Governor Andrew Cuomo announced on Friday that all schools across New York can reopen for in-person classes in the fall, citing the state’s success in battling the coronavirus pandemic.
However, it does not mean that every school building across all 750 districts in the Empire State will have students and teachers returning to campus.
Under Cuomo’s order, schools can choose to reopen as long as they are in a region where the average rate of positive coronavirus tests is below five percent.
The entire state has been well under that threshold all summer, but Cuomo also recently stressed that, even if he allowed schools to reopen, it wouldn’t work if parents and teachers aren’t sure they are safe.
In New York City, Mayor Bill de Blasio has warned that schools can only reopen if the positivity rate is below three percent.
It’s a major turnaround for New York, which went from being the US epicenter of the pandemic to having one of the lowest transmission rates in the country.
During a conference call with reporters, Cuomo said teachers and students will be required to wear masks when social distancing is not possible.
If a family or a child does not have a mask, the school district must provide one.
All school districts will be required to post their remote learning plans and their testing/tracing plans online.
Dates must also be set for three-to-five discussions with parents prior to August 21 and at least one separate discussion with teachers alone.
The announcement by Cuomo clears the way for schools to offer at least some days of in-person classes, alongside remote learning.
‘Everywhere in the state, every region is below the threshold that we established,’ Cuomo said during the conference call with reporters.
‘If there’s a spike in the infection rate, if there’s a matter of concern in the infection rate, then we can revisit.’
Many New York school districts have planned to start the year with students in school buildings only a few days a week, while learning at home the rest of the time.
The largest school district in the US, New York City, had its last day of in-class instruction on March 13, just as waves of sick people were beginning to hit city hospitals.
Mayor de Blasio has been saying since the spring that his goal for fall was to bring students back on schedule, with as much classroom time as possible while still allowing for social distancing.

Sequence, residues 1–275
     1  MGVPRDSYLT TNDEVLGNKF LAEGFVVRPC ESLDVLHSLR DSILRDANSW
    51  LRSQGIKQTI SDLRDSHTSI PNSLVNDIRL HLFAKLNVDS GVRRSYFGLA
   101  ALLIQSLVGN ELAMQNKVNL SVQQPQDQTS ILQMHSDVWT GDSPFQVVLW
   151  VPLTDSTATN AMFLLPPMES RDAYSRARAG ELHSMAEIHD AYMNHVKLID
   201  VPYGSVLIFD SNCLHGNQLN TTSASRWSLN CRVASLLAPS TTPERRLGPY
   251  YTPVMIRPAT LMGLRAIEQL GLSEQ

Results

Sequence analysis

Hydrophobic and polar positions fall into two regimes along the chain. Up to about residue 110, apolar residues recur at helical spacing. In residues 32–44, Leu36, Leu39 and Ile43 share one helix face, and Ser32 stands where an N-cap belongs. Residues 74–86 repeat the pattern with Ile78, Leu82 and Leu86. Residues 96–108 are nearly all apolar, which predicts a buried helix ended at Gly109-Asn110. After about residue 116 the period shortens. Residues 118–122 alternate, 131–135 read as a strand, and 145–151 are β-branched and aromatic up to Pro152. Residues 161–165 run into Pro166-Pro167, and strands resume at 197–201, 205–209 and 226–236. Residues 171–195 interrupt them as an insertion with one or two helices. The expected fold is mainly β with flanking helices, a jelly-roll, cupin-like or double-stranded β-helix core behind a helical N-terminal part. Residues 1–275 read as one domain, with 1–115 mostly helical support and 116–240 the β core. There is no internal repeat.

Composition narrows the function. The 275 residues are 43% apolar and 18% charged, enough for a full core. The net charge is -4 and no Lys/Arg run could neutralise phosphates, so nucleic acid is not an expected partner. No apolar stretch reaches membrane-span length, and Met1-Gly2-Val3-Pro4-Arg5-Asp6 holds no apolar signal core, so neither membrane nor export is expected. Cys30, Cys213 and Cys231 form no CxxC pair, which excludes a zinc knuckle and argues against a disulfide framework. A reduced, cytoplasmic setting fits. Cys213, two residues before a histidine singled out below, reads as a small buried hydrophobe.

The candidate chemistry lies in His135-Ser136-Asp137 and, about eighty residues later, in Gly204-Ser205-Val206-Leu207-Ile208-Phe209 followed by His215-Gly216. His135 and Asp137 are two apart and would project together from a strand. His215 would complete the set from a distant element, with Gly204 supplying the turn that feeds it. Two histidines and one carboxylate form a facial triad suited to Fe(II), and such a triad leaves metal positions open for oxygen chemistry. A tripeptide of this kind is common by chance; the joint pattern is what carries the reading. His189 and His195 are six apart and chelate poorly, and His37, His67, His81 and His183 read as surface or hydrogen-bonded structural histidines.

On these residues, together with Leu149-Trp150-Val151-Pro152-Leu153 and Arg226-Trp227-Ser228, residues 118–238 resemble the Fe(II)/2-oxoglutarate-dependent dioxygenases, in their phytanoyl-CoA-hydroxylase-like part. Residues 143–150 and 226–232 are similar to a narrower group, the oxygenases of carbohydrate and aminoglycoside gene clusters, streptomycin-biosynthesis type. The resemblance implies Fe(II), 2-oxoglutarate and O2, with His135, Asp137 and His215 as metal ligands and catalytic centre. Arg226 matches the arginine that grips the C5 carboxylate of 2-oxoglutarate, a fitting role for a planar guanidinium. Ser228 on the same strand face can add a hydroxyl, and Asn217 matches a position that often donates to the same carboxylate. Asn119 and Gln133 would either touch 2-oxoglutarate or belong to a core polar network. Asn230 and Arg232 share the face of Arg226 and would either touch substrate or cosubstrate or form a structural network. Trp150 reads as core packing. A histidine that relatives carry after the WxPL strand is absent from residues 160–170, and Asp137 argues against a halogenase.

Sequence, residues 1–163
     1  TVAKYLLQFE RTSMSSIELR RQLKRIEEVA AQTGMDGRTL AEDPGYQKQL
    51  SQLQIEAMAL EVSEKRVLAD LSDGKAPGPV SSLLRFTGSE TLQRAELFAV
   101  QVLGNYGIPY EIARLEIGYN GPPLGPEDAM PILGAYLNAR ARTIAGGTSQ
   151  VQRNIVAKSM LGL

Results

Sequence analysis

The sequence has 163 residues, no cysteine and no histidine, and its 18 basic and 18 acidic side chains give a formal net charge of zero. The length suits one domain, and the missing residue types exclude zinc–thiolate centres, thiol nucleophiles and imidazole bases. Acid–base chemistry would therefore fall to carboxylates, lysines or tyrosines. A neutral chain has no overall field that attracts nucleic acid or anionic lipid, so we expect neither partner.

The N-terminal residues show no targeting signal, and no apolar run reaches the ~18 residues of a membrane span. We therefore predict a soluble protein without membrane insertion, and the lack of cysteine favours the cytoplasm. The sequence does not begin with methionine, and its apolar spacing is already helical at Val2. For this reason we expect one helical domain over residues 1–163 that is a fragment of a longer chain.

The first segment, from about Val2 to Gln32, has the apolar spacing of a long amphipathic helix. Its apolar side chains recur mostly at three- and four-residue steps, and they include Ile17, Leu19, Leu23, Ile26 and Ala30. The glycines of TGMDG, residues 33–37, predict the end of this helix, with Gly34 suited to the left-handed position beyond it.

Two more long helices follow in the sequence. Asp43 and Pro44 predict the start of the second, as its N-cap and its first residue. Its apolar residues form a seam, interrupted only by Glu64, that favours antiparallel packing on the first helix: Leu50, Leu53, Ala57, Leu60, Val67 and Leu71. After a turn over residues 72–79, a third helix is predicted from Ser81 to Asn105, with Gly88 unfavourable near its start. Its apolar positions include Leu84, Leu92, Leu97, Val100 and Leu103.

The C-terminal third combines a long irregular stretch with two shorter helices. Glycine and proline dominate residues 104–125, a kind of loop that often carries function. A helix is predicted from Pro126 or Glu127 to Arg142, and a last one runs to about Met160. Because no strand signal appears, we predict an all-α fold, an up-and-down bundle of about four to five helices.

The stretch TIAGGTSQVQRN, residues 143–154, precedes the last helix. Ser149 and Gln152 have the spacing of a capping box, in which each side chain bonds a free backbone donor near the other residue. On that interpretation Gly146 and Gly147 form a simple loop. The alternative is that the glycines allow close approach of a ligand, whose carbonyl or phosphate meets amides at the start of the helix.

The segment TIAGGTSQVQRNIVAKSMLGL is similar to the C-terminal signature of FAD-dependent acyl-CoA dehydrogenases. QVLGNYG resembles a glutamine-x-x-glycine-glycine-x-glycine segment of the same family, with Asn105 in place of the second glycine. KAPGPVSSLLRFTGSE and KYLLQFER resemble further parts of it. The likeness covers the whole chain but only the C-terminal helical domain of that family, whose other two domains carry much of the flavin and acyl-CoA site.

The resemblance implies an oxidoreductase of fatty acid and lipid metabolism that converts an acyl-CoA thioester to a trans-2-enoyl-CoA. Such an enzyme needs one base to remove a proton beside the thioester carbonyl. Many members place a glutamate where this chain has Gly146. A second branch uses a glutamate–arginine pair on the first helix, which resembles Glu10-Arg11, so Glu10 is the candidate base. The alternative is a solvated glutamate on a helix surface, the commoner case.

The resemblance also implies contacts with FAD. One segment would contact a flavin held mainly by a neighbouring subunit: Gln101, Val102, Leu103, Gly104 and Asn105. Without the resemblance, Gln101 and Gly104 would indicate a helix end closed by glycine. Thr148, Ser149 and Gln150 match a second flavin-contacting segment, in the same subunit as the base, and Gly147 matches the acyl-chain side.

That plan has looked exceedingly ambitious as other large school systems have backed away from in-person instruction in recent weeks.
Chicago, Los Angeles, Miami and Houston, among other places, have all announced they will start the school year with students learning remotely.
De Blasio, while cautioning that he could change course at any time, had expressed hope that the relatively low rate of transmission of the virus in the city would allow students and staff to return safely.
He had also said a return to classroom instruction is vital to jump-starting the city’s economy, now hobbled by parents being forced to stay home with their children.
School reopening plans, though, face enormous hurdles.
The outbreak, while reduced, is not over in New York. Around 10,000 New York City residents tested positive for the virus in July.
On Wednesday, two unions, New York State United Teachers and the United Federation of Teachers, demanded clearer health protocols dictating that schools should shut down immediately for two weeks if any student or member of the staff contracts the virus.
Teachers are prohibited from striking in New York, but it has been unclear whether large numbers would either opt out of classroom instruction for medical reasons or simply refuse to work.
Parents, too, have struggled to decide whether to send their children to school or opt solely for online instruction at home.
Schools have spent the summer coming up with safety plans, securing protective gear and figuring out how to fit fewer students into classrooms and school buses.
Cuomo required all school systems to submit plans detailing their reopening plans, saying that the state would not allow any district with an unsafe plan to bring students back to classrooms.
State Health Commissioner Howard Zucker warned this week that ‘an ill-prepared reopening could put students, staff and parents in peril.’